Sour News About Sweet Drinks

More Risks Associated Consuming Soda




Drinking sodas and other sugar-sweetened beverages may increase a woman’s risk of heart disease and diabetes, according to research presented at the American Heart Association’s Scientific Sessions 2011. Middle-aged and older women that drank two or more such drinks per day were nearly four times as likely to develop high triglycerides and significantly more likely to develop impaired fasting glucose levels, plus increase their waist size. The study also noted that risk factors for heart disease and stroke developed even when the women didn’t gain weight.

Edit ModuleShow Tags

More from Natural Awakenings

Scientists Discover Alcohol-Cancer Link

British researchers have discovered why DNA mutation results from alcoholic consumption that’s linked to seven types of cancer.

Fruit Pesticides Lower Fertility in Women

Women undergoing fertility treatments were 18 percent less likely to become pregnant and 26 percent less likely to have a live birth if they were eating pesticide-laden produce.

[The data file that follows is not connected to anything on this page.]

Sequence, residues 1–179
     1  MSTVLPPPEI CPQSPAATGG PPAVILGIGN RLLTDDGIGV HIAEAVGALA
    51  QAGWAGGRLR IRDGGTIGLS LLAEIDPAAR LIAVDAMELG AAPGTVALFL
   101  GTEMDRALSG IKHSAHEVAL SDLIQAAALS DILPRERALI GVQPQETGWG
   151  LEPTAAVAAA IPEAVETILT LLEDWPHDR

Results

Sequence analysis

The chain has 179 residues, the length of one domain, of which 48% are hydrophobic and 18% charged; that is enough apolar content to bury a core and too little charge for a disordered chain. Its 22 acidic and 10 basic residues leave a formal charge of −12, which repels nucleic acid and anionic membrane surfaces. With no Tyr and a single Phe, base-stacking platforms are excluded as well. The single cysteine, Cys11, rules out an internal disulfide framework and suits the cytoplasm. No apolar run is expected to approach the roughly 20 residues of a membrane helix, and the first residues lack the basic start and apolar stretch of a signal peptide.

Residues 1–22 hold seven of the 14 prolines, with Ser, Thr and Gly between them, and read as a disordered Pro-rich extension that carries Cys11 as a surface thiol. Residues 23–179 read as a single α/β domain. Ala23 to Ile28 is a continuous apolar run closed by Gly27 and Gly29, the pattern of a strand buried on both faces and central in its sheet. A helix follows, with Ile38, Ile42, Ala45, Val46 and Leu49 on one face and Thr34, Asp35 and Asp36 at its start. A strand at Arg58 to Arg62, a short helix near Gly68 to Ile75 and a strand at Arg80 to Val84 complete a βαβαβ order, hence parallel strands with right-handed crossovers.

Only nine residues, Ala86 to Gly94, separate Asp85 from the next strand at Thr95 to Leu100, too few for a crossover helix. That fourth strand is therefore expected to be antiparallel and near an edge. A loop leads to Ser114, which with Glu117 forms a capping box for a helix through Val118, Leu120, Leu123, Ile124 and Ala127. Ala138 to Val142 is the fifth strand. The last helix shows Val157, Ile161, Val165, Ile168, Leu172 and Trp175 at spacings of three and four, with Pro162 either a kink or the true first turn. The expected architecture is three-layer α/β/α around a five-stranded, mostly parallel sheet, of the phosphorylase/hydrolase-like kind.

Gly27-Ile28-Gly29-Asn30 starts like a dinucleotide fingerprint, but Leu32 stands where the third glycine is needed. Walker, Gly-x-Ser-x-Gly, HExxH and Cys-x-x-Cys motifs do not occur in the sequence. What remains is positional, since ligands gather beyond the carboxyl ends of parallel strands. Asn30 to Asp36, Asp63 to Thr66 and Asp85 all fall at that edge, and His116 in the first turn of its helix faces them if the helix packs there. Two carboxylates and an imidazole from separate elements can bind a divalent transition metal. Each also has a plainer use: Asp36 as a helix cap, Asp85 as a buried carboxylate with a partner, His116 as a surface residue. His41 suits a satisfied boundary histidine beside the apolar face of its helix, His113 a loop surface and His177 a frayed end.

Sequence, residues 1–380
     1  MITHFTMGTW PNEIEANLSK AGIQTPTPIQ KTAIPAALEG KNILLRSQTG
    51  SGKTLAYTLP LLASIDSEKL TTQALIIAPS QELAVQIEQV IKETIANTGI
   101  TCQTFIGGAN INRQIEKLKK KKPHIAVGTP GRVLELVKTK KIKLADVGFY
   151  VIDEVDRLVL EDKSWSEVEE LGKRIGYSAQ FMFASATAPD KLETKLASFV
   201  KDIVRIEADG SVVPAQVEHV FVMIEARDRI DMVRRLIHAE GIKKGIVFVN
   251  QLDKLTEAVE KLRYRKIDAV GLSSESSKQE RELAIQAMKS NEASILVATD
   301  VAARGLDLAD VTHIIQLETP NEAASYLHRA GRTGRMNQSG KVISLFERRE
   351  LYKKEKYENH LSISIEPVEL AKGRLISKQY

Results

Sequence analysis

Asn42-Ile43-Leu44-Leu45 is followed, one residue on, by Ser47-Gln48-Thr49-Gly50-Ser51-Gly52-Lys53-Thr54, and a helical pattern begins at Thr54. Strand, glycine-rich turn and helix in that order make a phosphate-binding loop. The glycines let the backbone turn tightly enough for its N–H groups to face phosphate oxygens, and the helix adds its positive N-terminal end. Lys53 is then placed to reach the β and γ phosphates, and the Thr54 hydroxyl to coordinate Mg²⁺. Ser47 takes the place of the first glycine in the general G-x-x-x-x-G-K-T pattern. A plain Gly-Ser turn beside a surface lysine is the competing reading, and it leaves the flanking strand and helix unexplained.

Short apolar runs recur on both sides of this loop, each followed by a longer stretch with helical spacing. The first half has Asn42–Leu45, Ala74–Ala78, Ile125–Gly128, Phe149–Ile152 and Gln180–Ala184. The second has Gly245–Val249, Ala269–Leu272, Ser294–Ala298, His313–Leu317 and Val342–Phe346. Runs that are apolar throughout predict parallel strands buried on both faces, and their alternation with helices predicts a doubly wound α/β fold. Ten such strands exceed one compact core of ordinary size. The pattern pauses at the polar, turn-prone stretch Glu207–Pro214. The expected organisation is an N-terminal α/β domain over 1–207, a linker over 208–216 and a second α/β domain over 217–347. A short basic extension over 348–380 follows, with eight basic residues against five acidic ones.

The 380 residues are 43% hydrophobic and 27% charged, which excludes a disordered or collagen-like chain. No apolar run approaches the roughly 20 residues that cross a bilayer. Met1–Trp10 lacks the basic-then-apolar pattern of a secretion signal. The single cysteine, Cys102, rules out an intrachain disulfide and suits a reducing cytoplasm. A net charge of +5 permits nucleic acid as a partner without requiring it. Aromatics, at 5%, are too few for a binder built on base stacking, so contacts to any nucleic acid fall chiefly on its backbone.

Eating Meat Raises Diabetes Risk

Eating red meat and poultry significantly increases the risk of Type 2 diabetes, Singapore scientists report.

Sugar Linked to Depression

Recent studies confirm a link between sugar-heavy diets and mental disorders, especially depression, with added sugars—not those found in fruits—identified as the culprit.

Teetotalers Enjoy Less Heart Disease

A Canadian meta-analysis of 45 studies found that former and occasional drinkers have a 45 percent greater risk of heart disease than non-drinkers.
Edit ModuleShow Tags
Edit ModuleShow Tags